Turbo Durability?

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I'm skeptical of relatively new stuff, turbo's for example. Looking online I find a number of vehicles I'd look at available only with turbo's. Being old school, and thinking of getting a new car or small SUV, I don't need lots of HP and prefer something simple as possible. Have turbo's been used long enough to prove relatively trouble free?
 
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utah
Turbo engines will wear faster than non turbo models. They simply are placed under more stress. There are plenty of very reliable turbos out there but it is like anything else, maintenance and driving habits. I make sure and warm up the engine before any significant loads, change oil at 5k with Mobil 1, generally baby my cars so i expect my turbos to live a long time. You are signing up for an extra item to break, the turbo, and more stress on the engine internals. The tradeoff is you can have a very small efficient engine that makes great power when needed. I say its worth it.
 
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The BITOG dilemma: I want a new car with all of the stuff I like about new cars (modern looks, interior and amenities) but none of the stuff I don't like about new cars (mechanical sophistication). If you want a simple car, buy an old one. You can't have your cake and eat it, too. I've seen many of these threads, because anachronistic old codgers want a new car but don't trust turbos or DI.
 
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Originally Posted by maxdustington
Originally Posted by tc1446
I'm skeptical of relatively new stuff, turbo's for example. Looking online I find a number of vehicles I'd look at available only with turbo's. Being old school, and thinking of getting a new car or small SUV, I don't need lots of HP and prefer something simple as possible. Have turbo's been used long enough to prove relatively trouble free?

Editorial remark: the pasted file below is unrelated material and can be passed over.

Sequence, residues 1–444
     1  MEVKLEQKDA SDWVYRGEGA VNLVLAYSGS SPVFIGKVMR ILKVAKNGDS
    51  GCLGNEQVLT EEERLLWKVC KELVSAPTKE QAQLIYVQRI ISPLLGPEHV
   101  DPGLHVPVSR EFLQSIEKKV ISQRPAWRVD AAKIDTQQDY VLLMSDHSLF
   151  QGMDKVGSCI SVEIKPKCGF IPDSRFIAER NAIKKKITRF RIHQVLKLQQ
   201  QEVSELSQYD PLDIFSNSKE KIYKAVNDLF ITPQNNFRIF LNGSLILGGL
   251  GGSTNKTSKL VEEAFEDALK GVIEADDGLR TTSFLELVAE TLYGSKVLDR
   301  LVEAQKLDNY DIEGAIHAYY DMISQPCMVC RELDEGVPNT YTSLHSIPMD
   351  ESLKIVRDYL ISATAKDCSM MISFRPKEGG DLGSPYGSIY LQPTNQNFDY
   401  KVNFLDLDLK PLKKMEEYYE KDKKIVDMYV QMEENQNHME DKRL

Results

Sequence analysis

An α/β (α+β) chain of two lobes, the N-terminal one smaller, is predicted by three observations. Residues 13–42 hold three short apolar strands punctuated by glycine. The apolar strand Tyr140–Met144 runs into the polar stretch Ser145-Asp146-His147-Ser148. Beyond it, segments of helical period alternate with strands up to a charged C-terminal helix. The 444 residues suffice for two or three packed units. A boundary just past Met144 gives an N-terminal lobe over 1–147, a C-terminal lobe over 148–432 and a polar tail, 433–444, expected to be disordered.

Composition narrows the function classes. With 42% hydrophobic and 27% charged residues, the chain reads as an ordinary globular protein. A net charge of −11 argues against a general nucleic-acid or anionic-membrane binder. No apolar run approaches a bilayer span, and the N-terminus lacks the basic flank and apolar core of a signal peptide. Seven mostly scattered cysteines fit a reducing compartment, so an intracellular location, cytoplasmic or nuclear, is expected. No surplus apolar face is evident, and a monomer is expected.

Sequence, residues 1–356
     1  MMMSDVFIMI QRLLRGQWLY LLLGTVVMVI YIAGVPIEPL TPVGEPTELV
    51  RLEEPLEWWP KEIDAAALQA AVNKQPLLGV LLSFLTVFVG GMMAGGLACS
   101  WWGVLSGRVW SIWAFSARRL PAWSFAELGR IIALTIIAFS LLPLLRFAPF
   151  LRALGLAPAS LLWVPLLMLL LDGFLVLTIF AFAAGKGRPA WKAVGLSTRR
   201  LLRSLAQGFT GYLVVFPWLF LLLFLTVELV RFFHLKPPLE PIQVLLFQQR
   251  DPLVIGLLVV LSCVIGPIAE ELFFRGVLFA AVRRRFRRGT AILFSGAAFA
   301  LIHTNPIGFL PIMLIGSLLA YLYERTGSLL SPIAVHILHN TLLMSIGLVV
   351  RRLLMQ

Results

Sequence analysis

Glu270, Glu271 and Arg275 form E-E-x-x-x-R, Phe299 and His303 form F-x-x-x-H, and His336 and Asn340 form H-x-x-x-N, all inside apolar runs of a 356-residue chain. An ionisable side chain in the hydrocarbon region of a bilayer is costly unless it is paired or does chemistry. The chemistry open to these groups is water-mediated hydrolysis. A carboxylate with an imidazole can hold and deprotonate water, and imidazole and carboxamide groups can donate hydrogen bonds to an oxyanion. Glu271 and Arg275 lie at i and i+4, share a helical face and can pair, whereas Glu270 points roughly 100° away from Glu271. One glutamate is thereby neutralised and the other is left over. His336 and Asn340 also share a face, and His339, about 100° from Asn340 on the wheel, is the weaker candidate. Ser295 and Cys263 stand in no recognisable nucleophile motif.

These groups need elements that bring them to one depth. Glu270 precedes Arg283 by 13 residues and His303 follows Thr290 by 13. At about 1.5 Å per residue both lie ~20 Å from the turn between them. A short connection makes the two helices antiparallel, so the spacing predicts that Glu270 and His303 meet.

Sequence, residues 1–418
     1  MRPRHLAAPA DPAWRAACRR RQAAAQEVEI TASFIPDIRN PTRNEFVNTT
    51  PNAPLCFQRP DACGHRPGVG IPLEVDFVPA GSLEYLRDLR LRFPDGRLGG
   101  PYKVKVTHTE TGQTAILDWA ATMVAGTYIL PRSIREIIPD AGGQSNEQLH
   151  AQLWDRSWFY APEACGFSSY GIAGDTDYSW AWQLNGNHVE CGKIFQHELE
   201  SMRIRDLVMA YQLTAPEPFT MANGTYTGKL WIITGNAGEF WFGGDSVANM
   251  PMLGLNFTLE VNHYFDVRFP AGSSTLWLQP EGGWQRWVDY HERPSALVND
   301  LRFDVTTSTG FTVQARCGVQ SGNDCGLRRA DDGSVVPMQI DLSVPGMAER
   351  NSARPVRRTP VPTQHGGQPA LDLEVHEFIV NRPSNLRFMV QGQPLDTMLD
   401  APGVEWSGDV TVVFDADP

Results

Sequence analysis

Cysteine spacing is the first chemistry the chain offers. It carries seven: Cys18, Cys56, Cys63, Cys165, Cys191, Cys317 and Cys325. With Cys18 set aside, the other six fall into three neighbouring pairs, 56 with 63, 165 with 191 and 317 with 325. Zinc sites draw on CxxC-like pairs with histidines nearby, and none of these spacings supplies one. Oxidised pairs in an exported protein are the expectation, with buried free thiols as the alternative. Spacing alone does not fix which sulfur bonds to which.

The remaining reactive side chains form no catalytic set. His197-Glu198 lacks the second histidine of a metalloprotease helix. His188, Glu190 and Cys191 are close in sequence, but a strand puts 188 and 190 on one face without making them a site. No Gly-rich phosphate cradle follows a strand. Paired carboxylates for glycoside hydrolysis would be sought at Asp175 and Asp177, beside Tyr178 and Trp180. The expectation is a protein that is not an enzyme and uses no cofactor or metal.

The BITOG dilemma: I want a new car with all of the stuff I like about new cars (modern looks, interior and amenities) but none of the stuff I don't like about new cars (mechanical sophistication). If you want a simple car, buy an old one. You can't have your cake and eat it, too. I've seen many of these threads, because anachronistic old codgers want a new car but don't trust turbos or DI.
Well I'm a old codger I guess and I don't mind these new advancements. There is a reason they don't make Fairmonts and Citations anymore. Thank goodness for that.
 
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With a turbo pulling into a rest stop on highway you need to idle for a few minutes before turning engine off. That helps cool down turbo & engine.
 
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Cincinnati, USA
Originally Posted by maxdustington
The BITOG dilemma: I want a new car with all of the stuff I like about new cars (modern looks, interior and amenities) but none of the stuff I don't like about new cars (mechanical sophistication). If you want a simple car, buy an old one. You can't have your cake and eat it, too. I've seen many of these threads, because anachronistic old codgers want a new car but don't trust turbos or DI.